11. descriptive ethics ! How do people actually respond to ethical

    problems? ! What psychological and sociological explanations account for our ethical thinking and behavior? ! How does ethical thinking and behavior change with individual development, education, cultural background?
  12. descriptive ethics ! How do people actually respond to ethical

    problems? ! What psychological and sociological explanations account for our ethical thinking and behavior? ! How does ethical thinking and behavior change with individual development, education, cultural background? " Cases like the runaway boxcar dilemma have been studied extensively by moral psychologists.
  13. descriptive ethics ! How do people actually respond to ethical

    problems? ! What psychological and sociological explanations account for our ethical thinking and behavior? ! How does ethical thinking and behavior change with individual development, education, cultural background? " Cases like the runaway boxcar dilemma have been studied extensively by moral psychologists. " One result: most people say they would throw the switch.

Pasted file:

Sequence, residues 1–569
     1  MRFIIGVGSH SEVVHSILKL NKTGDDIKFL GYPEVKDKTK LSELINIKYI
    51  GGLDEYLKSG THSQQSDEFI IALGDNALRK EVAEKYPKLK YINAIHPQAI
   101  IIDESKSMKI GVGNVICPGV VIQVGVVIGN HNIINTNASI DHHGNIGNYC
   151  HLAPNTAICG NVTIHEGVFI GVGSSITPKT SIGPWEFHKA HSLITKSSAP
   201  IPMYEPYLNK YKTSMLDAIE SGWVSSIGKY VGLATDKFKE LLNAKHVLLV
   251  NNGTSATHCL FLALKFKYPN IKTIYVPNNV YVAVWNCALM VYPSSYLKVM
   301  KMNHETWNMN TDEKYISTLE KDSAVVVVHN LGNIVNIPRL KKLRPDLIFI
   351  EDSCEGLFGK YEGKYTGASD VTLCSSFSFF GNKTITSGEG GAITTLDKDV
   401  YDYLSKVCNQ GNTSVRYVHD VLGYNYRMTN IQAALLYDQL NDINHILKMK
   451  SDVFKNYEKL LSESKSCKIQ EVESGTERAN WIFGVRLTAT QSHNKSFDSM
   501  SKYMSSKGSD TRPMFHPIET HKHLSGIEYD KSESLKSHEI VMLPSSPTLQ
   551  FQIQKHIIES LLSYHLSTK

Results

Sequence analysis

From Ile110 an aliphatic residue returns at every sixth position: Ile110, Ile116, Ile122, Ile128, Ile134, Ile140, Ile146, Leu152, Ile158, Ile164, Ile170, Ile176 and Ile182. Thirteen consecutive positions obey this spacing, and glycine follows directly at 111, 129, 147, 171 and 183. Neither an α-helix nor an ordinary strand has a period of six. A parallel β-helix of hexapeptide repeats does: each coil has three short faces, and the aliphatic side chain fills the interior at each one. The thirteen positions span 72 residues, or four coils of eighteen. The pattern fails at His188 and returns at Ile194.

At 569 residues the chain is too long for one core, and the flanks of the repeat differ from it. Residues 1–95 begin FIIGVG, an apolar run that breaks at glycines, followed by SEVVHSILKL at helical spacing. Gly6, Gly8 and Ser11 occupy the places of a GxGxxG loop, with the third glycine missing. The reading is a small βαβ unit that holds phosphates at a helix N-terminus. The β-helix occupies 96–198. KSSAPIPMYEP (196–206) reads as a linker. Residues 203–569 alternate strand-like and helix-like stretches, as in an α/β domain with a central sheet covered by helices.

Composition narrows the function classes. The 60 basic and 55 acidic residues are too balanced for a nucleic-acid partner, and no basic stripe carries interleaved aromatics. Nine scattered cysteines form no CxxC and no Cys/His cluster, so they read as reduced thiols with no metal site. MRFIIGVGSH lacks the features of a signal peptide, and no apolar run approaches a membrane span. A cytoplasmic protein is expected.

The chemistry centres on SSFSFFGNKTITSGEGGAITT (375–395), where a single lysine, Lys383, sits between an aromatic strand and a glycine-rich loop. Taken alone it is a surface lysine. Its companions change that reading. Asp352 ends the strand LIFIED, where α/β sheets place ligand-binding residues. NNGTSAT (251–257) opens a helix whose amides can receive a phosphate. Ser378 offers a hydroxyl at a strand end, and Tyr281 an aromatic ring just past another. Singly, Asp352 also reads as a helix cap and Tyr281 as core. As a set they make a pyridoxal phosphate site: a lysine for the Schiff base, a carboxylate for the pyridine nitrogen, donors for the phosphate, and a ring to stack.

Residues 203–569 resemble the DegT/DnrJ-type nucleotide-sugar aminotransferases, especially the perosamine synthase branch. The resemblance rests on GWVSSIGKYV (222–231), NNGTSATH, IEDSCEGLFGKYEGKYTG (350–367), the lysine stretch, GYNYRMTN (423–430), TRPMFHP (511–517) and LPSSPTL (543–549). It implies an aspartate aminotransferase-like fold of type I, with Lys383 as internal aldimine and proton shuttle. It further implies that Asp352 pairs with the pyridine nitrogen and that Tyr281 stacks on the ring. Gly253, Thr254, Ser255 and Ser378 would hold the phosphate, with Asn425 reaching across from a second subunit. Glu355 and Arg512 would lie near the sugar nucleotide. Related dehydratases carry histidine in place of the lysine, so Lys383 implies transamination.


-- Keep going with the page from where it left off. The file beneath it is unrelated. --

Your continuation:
14. normative ethics

  15. normative ethics

  16. normative ethics ! How should we respond to ethical dilemmas

    and problems?
  17. normative ethics ! How should we respond to ethical dilemmas

    and problems? ! What justifications are there for our moral claims and assumptions?
  18. normative ethics ! How should we respond to ethical dilemmas

    and problems? ! What justifications are there for our moral claims and assumptions? ! How can we use critical rationality to establish ethical norms?
  19. normative ethics ! How should we respond to ethical dilemmas

    and problems? ! What justifications are there for our moral claims and assumptions? ! How can we use critical rationality to establish ethical norms? " Many of us assume that the consequences of our actions determine their rightness or wrongness.
  20. normative ethics ! How should we respond to ethical dilemmas

    and problems? ! What justifications are there for our moral claims and assumptions? ! How can we use critical rationality to establish ethical norms? " Many of us assume that the consequences of our actions determine their rightness or wrongness. " Is this a correct assumption – do better consequences really make an act morally right?
  21. another runaway boxcar

  22. another runaway boxcar You are standing on a bridge over